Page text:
Did you know that according to the New York Times and Microsoft, and thanks to the digital revolution, you now have a shorter attention span than a goldfish
? It’s true. And in some ways
it’s not surprising. We’re bombarded with information, more than we can possibly consume and it’s difficult to focus and virtually impossible to process everything.
So we scan, skim and skip information, making judgment calls (some better than others) on what is worthy of our time and attention — which is bad news for those of us sending cover letters and resumes.
Recruiters and hiring managers have a lot on their plates, just like the rest of us. So they rely on visual cues, search strategies
and even personal biases to narrow the pool of qualified candidates. How can you be sure you make the cut?
Eliminate errors and oversights and increase your odds of clearing the first hurdle. There are plenty of references on how to put together a well-written cover letter
, but we’re going to focus on the quick things you can’t afford to get wrong.
Typos and grammatical errors
We’ve seen too many resumes land in the slush pile on this one. Typos and grammatical errors send the wrong message about your communication skills and attention to detail.
Spell check isn’t enough. Give yourself time to edit and proof your cover letter or have someone you trust
give it a second look. We even recommend letting it sit for an hour or two and coming back to it with fresh eyes.
Of special note: the hiring manager’s name, the company name and the job title. Get these right or you could cost yourself an interview.
Being too general
You’re applying for a specific position, so tell us why you’re the perfect fit for this job.
Start with a general cover letter or outline, sure, but tailor it for the company and the position. You’re not doing yourself any favors by sending something generic.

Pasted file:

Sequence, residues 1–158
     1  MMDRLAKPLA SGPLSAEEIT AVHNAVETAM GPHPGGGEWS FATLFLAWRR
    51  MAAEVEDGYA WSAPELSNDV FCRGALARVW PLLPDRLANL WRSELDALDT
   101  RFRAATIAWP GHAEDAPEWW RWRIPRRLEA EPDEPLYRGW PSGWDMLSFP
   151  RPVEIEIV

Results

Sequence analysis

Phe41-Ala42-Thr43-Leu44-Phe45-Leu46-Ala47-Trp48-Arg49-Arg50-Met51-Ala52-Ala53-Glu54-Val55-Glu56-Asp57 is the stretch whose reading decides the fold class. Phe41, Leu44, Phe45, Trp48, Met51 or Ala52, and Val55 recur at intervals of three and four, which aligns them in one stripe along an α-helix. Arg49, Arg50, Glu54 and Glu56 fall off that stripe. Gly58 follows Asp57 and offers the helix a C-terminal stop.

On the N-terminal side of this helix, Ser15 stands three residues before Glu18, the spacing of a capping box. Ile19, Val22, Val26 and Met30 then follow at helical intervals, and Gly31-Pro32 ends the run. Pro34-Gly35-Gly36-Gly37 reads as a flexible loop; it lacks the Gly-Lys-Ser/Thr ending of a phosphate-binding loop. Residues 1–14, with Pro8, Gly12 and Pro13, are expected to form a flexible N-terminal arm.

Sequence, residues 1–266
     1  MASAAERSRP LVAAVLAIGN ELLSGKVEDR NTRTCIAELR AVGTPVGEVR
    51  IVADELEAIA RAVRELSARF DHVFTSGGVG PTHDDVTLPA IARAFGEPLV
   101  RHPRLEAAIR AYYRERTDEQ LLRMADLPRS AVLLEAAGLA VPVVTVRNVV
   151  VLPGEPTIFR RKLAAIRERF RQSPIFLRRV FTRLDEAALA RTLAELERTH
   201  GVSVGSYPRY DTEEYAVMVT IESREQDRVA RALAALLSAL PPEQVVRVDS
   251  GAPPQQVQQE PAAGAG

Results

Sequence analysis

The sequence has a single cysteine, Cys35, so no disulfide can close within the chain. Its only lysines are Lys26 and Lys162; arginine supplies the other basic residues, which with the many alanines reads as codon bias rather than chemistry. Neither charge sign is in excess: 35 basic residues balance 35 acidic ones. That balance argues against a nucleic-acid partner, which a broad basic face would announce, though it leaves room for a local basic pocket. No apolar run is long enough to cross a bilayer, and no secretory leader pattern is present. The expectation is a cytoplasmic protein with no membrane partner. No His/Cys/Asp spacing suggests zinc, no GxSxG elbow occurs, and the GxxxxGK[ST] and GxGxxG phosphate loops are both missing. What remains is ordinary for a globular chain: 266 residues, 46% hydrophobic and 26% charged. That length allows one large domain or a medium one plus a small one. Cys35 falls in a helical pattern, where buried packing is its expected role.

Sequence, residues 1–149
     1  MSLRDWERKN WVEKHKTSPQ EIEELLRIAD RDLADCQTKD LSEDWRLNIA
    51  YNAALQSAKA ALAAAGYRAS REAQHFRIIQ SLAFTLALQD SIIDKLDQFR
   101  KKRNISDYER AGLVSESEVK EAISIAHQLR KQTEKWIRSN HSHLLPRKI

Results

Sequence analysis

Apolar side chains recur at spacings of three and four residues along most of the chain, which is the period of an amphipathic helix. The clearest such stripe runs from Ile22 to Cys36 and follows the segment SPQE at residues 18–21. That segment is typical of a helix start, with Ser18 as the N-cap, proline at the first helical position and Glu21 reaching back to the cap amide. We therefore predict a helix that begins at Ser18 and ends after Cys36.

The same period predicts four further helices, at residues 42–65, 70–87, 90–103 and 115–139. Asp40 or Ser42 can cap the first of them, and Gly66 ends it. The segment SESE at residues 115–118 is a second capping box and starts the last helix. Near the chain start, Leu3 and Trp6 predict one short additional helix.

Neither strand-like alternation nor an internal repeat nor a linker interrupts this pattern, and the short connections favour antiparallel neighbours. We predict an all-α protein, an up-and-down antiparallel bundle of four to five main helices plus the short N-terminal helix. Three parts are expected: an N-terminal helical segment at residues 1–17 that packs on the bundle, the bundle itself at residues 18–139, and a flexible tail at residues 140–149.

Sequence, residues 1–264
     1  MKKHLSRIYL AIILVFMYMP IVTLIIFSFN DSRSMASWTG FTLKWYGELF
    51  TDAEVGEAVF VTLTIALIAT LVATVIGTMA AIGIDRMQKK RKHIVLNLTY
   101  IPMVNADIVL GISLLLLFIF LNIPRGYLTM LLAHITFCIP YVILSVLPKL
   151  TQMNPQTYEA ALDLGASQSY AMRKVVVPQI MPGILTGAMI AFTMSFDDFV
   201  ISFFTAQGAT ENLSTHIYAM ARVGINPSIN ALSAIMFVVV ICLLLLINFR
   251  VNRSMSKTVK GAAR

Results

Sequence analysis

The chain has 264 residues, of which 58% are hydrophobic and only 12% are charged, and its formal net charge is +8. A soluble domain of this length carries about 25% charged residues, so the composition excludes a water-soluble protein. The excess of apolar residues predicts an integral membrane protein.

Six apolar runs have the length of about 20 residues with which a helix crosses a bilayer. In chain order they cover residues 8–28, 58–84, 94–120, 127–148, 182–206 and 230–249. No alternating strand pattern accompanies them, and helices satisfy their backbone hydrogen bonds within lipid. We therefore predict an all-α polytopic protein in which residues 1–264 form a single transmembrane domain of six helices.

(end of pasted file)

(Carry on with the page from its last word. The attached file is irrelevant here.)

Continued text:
Still, customize with care. Recruiters and hiring managers know most candidates are applying for multiple positions. But if in your haste to cut, paste and customize you forget to swap out the company name or replace the job title, it doesn’t reflect well on you and your preparation.
Making it too long
“I encourage people to stick to one page,” says Tina Nicolai
, executive career coach and founder of Resume Writers’ Ink. “And because people have short attention spans today, and less time to read each cover letter in full, I suggest writing in bite-sized nuggets or bullet points.”
Time is in short supply, so open strong and highlight how you bring value to the position. Challenge yourself to be brief, even if that means getting things down and then going back and being a bit ruthless with a red pen. Don’t leave it to chance someone will find what’s most important.
You’ve spent hours polishing your resume. Make sure to devote ample time to a cover letter that does justice to you and your experience. It could be the gateway to an introduction. Make it count.
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